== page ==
Yours truly,          MORE ANON

1.  Augustus E. McCarty, from Prescott, enlisted August 13, 1862. He was first promoted to corporal and then to sergeant. He mustered out with the company on September 20, 1865.
2.  The printing on this issue of the newspaper was not very good and this is out best guess as to what the word should be. The “ot” at the end is plain, it is just the first two letters that are hard to make much of.

1864 April 9: Generals and Guerrilas, Cherokees and the Conestoga

April 11, 2014

From the April 9, 1864, issue of The Prescott Journal.  The last item mentioned took place on March 2, 1864; it was not a named battle.

News Items.

It is understood that Gen. Seymour [Truman Seymour] assumes the full responsibility of the Florida disaster.

Donnelly, a notorious guerrilla of London Co. Va., has been arrested and sent to the Old Capitol Prison.

Out of 1,771 applications, 784 have been selected for commissions in negro regiments by the examining board.

The commission to investigate the conduct of Gen. Rosecrans [William S. Rosecrans] at Chickamauga, fully exonerated him from blame.

The military committee of the House have decided to report in favor of increasing the pay of soldiers to $18 per month and of sergeants to $30.

The Tribune’s despatch says, Gen. W. [sic] S. Ferry¹ has succeeded Gen. Sickles [Daniel E. Sickles] in command of the Lehigh department, with headquarters at Reading [Pennsylvania].

Lieut. Col. Sanderson² has been sent to Fort Warren.  It will be remembered he is accused of betraying plots of Union prisoners to escape from Richmond to the rebel authorities.

The gunboat Conestoga collided with the Gen. Price on the 10th [of March] in the Mississippi, a short distance below Natchez.  The Conestoga, with a cargo of ammunition was sunk.  The boat and cargo are a total loss.

The Ways and Means Committeee [sic] have adopted an amendment to the National Banking bill allowing National Banks to issue $12 and $13 notes until special payments are resumed, when they will be called in.

The Herald’s correspondent from the fleet off Mobile has a rumor that Farragut [David G. Farragut] is to withdraw his fleet, being satisfied the city cannot be taken by water.  Thirty-five or forty of the rebels who mutinied in Fort Morgan have been shot.

Lieut. Col. Sanderson² is under arrest, on a charge preferred by Col. Streight [Abel D. Streight] of disclosing to the rebel authorities plot of the Union prisoners to escape from Libby Prison.  None of his friends have any doubt of his innocence.

The committee on the conduct of the war are investigating the Florida expedition.  The evidence already given, establishes the fact that neither the President nor any one else in Washington is responsible for its disastrous termination.

Reports have reached here that the rebels are preparing for another piratical expedition from some of the small inlets of Chesapeake Bay.  The utmost vigilance is required of the gunboats, and it is believed the next party trying such an experiment cannot fail of falling into our hands.

Vicksburg advices of the 7th state that all boats at that place have been pressed into Government service.  It is reported that movements will be made via the Red, Black, and Washita [sic: Ouachita] rivers to Monroe, thence by land to Shreveport, Louisiana.  Gen. Steele will co-operate from Little Rock.  [Frederick Steele]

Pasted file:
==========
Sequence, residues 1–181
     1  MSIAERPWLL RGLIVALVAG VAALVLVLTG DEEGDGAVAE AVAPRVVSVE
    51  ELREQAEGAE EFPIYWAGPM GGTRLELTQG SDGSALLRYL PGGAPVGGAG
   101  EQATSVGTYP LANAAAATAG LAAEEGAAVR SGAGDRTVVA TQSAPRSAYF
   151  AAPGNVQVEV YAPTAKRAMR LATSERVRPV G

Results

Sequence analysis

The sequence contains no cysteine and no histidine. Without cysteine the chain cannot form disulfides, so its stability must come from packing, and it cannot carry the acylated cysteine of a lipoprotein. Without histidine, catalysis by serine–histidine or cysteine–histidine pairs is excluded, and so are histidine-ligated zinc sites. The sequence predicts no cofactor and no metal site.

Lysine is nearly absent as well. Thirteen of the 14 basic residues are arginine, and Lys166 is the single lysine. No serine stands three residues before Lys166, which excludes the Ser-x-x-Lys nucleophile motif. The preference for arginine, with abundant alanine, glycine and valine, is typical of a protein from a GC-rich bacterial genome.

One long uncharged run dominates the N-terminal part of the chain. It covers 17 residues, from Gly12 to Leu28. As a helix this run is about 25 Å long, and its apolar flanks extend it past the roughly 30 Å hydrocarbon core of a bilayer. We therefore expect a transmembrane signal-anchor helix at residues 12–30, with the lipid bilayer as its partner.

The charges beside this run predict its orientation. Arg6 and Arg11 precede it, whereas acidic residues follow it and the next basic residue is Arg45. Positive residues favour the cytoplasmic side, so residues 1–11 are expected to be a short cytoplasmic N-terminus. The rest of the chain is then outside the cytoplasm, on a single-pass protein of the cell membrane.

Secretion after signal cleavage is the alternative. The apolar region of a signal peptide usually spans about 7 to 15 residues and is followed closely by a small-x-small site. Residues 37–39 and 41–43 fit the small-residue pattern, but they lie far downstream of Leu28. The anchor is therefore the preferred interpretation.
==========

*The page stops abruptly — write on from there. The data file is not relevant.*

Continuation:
Information deemed reliable says Longstreet’s headquarters are at Greenfield, Tenn. [James Longstreet], Buckner’s at Bull Gap [Simon Bolivar Buckner], and the main forces between those two points, and their pickets 8 miles above Morristown.  Gen. Vaughan [sic: John C. Vaughn] is at Rogersville and Gen. Jones³ at Long’s Mills, eight miles below Jonesville, Va.

Full details of Gen. Sherman’s expedition are published in the Herald and Tribune.  Some 150 miles of rebel railroad communication were destroyed.  This was its main object.  The future reoccupation of Mississippi by the rebels in the force is an impossibility.  The subsistence of our force has drawn off more than the surplus above the immediate wants of the home population.  Our entire loss was not over 150.  [William T. Sherman]

The Herald’s Norfolk letter says the late expedition resulted in the destruction of King and Queen’s county court house, where the gallant Dahlgren [Ulrich Dahlgren] was ambushed and murdered.  The defeat of the 5th and 9th Va. cavalry by the expedition has already been stated.  The notorious guerrilla, Bob Colton, was among the killed.  We had none killed, and but half a dozen wounded.

Gen. Fisk,4 commanding the department of St. Louis, has just returned from a tour of inspection in south-west Missouri.  He reports numerous bands of guerrillas have been committing depredations in that section and south-east Kansas, and that some bands are preparing for more extensive operations in the spring.  Energetic measures will be taken to drive out or destroy all such bands and establish law and order throughout this department.

Peace has been ratified with the North Carolina Cherokees, and those recently captured say that they were induced to take up arms under the belief that they were fighting for the U. S. Government.  Two were permitted to go in search of the band and represent the real facts.  Their chief, Lacca-Kaneechee, came in a few days since, with 80 of the tribe, and accepted the amnesty.  Since the return of the Indians to loyalty, the rebels have committed numerous outrages on them.  Some 20 have been thrown into prison.  The rest are concealed in the mountains.